This $3,000 Wireless Speaker Is as Loud as a Rock Concert

With a power output of 4,500 watts and 108 decibels, the Phantom Gold wireless speaker can literally blow you away. Its creators at French audio company Devialet say that at max volume, the Phantom Gold is the equivalent of a live rock concert.

The Devialet Phantom Gold is latest and most powerful entry in the company’s Phantom series, a range of high-end portable speakers looking to replace a whole room’s worth of surround audio gear with something a lot more compact. It has been earning the praise of audiophiles around the world ever since it launched, on July 14, but with a price tag of $2,990, one has to wonder, what makes this gadget so darn special?


For one, it relies on Devialet’s proprietary Analog Digital Hybrid (ADH) technology, which the company has been developing over the last 10 years. While sound systems traditionally rely on either analog or digital amplifiers, Devialet has come up with a way of combining the two and provide far superior sound quality because the amplifiers operate in parallel rather than in succession. “This has been a dream for engineers for 40 years, and we were the first ones to do it,” says co-founder Quentin Sanié. For the Phantom Gold, the French company managed to miniaturize a digital and an analog amplifier, and used the powerful current generated by the former, which doesn’t produce a high quality sound, to power the latter,  which produces a very clear sound, but is usually energy inefficient.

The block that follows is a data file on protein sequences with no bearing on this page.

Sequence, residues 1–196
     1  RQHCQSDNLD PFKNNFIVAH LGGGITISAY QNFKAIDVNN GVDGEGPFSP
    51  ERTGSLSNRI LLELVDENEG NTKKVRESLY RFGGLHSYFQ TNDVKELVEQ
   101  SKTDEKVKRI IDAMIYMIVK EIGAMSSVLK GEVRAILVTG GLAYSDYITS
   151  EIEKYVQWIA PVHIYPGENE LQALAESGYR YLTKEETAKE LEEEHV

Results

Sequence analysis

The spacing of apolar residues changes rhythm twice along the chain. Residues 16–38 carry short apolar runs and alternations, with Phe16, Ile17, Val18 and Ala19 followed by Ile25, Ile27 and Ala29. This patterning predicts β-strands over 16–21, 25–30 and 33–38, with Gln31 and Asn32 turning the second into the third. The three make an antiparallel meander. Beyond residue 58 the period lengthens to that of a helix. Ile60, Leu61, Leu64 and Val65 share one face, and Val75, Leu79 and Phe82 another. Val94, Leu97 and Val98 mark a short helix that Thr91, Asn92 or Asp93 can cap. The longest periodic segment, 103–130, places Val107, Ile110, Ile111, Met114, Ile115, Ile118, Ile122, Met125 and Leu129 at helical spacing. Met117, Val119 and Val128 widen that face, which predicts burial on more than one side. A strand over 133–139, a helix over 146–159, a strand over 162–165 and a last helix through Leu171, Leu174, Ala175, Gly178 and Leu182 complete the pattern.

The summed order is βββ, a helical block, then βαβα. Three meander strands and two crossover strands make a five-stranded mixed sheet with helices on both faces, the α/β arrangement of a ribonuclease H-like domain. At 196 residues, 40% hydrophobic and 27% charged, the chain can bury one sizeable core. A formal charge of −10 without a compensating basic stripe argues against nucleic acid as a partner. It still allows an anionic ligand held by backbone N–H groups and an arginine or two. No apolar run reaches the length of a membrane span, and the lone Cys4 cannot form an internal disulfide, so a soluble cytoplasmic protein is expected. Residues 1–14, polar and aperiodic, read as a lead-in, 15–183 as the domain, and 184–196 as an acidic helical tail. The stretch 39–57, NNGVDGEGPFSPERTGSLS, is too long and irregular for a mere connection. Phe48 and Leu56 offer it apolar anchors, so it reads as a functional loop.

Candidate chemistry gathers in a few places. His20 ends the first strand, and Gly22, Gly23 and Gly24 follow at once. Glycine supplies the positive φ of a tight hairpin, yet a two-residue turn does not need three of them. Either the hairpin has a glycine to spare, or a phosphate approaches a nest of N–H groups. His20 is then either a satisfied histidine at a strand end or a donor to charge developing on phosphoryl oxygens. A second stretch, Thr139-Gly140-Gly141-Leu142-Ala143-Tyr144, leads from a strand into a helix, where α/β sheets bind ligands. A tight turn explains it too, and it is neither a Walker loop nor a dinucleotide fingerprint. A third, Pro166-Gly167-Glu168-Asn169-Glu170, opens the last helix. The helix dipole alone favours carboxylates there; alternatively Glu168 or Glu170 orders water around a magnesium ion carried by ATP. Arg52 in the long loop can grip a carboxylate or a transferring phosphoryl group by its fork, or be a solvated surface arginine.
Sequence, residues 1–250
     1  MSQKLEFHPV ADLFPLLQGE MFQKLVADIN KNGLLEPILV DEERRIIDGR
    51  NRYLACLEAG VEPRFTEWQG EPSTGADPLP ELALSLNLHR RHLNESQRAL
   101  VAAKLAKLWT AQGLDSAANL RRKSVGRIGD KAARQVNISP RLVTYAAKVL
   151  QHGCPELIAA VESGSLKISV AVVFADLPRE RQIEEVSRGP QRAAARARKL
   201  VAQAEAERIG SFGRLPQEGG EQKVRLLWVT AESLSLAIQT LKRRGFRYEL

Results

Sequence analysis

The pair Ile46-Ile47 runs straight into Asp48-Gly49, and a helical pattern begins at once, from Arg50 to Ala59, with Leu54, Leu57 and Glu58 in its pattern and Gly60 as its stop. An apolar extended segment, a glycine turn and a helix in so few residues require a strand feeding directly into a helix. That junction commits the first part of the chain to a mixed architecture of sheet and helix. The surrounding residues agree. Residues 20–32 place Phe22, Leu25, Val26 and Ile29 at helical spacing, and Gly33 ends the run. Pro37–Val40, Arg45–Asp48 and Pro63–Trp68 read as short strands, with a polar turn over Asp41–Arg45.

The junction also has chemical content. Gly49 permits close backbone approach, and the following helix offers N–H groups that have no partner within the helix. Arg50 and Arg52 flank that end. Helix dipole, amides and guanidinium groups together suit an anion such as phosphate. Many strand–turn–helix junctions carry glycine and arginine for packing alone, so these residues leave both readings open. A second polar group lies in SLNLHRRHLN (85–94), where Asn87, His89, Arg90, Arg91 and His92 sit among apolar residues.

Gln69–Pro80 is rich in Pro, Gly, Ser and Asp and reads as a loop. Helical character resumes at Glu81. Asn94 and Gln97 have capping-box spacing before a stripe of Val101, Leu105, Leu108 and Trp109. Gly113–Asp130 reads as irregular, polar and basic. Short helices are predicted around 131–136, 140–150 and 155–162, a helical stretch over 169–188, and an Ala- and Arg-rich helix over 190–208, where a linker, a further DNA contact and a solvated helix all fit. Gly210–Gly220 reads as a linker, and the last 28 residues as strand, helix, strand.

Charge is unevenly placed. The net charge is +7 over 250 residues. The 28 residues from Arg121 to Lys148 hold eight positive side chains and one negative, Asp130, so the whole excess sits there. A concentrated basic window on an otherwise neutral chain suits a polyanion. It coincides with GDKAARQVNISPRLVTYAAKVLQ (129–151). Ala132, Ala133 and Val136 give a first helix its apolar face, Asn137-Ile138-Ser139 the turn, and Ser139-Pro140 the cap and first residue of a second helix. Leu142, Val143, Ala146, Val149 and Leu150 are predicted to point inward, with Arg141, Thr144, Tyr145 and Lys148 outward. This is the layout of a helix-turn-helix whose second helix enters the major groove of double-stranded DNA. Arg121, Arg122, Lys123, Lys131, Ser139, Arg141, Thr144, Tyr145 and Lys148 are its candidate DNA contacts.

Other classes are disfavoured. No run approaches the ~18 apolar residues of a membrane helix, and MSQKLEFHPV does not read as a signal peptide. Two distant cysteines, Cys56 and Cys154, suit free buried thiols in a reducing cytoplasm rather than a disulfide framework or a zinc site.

Then there is the design and materials used to create the Phantom Gold. It might look like a weird futuristic alien egg, but there is a point to the speaker’s shape. It’s shaped like a sphere because, “acoustics engineering dictates that’s actually the best shape for a loudspeaker,” Sanié says. That glossy shell may look plastic, but it’s actually made of Kevlar, a material usually used in bulletproof vests. I’m not sure if that makes the Phantom Gold bulletproof, but it certainly minimizes vibrations. In a test performed in a number of video reviews of the luxury speaker, you can see that setting a glass of water on it, there are almost no ripples in the liquid, even at high volume. Even at 100 percent volume, there is  no audible distortion. Oh, and did I mention that those metallic trims are plated with real 22-carat rose gold?


But ultimately it all comes down to power and sound quality. The basic Phantom White speaker boasts 750 watts of power and costs $1,990, the mid-level Phantom Silver has 3000 watts and costs $2,300, but the newly-released Phantom Gold pushes the envelope with 4500 watts and an almost astronomical price of $2,990. Yes, that’s a lot of money, but Devialet claims it’s actually a bargain, since you’re getting “the best wireless speaker in the world”, capable of a level of performance normally found in high-end equipment that costs as much as a luxury car.

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